Why shouldn’t Chinese people fight for democracy? Are they really happy with their present government?

IR : Why-shouldnt-Chinese-people-fight-for-democracy-Are-they-really-happy-with-their-present-government-2

Answer by Andy Lee Chaisiri:

Chinese in the military dictatorship of Taiwan fought for democracy through the 80's and finally seized it in 1996

Taiwan was ruled by the brutal military dictatorship of the Republic of China (Kuomintang, KMT) for most of the 20th century, and their leaders were infamous for using lethal violence to put down dissent. By 1979 Taiwan had a healthy sized middle class as well as a whole generation of adults who had been born in Taipei. Pro-democracy events grew but were brutally put down by the KMT. The Kaohsiung Incident saw the arrest of pro-democracy leader Lin Yi-hsiung and the murder of his mother and twin 7 year old daughters (stabbed to death under police custody, an 'unsolved' crime to this day).

This incredibly brutal government oppression only galvanized the people of Taiwan to further action, and moderates among the KMT also began to side with the common man over their aging cadre of military leaders. After a hard decade of struggle Taiwan earned their first democratically elected president in 1996 (electing Taiwan-born Lee Teng-hui).

But Taiwan and mainland China are very different places in terms of scale and society

Notice the size

Around the time the democracy movement got steam was when Taiwan was nearing the Middle income trap (economic growth and average income hitting a plateau between generations). Taiwan is also much, much, much smaller than mainland China's (20-something million vs over 1 billion). There was also an issue of identity as the mainland Chinese KMT had basically forced their way into Taipei 1949, but the children of those mainlanders were growing up without ever having set foot in their 'ancestral home' of mainland China. Most importantly, Taiwan's highest authority through the 70's and 80's, Chiang Ching-kuo (the son of KMT founder Chiang Kai-shek) had an expressed interest in pushing Taiwan towards democracy, and last of all Taiwan's existence depended on the guarantee of US military aid, so any pressure from the US would have a deep impact on them.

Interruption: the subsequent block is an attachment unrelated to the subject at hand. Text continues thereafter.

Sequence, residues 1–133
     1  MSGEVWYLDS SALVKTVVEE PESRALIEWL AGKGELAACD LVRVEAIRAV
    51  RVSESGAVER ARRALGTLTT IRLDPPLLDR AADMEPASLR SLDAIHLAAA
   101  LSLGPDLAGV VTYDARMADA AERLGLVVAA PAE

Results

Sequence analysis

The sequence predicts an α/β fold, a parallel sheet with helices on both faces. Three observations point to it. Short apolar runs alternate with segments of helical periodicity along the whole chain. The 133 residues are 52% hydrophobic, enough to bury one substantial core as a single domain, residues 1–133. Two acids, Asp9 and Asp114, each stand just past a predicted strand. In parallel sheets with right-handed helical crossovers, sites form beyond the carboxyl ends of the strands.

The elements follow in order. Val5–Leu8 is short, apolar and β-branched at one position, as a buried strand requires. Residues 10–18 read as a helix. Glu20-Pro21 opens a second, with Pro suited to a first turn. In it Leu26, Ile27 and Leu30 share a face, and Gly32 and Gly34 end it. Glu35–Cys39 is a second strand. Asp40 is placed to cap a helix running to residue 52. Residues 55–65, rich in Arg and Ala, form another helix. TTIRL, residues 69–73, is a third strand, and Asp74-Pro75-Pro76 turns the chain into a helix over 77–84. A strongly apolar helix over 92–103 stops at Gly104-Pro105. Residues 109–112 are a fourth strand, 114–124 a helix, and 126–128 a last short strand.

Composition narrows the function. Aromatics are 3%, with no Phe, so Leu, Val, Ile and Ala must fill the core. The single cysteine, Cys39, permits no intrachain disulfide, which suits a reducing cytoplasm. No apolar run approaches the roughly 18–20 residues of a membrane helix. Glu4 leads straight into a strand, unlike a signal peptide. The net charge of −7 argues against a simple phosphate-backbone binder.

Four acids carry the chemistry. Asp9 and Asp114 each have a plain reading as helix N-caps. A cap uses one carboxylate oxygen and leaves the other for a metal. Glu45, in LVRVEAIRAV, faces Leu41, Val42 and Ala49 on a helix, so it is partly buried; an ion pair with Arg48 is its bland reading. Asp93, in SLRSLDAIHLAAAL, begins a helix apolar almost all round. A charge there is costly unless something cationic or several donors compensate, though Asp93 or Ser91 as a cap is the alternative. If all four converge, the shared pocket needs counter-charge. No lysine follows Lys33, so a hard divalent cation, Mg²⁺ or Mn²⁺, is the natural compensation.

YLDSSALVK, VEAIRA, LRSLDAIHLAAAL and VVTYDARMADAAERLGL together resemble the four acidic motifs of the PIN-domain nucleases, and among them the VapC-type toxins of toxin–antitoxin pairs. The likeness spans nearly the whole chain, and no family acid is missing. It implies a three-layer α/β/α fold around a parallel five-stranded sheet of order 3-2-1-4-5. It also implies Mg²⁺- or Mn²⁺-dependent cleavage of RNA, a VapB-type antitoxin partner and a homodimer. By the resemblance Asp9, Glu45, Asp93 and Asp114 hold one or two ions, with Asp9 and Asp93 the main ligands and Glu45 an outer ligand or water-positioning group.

As far as I know the Chinese Communist Party ruling mainland China today hasn't had any jailed protester's families 'mysterious' stabbed to death under their watch in the 21st century, so they seem to be more reasonable than the KMT was in the early 80's. Maybe when the mainland's populace as relatively large of a middle class and as much of an economic slow down as Taiwan did, and the CCP doesn't feel as threatened by major western powers, there could be democratic reform for the rest of China.

 How close or far that future is to today, who knows.

By the way this is what Taiwan's democracy looks like. Multiply this by 1 billion and you get mainland Chinese democracy!

Why shouldn't Chinese people fight for democracy? Are they really happy with their present government?

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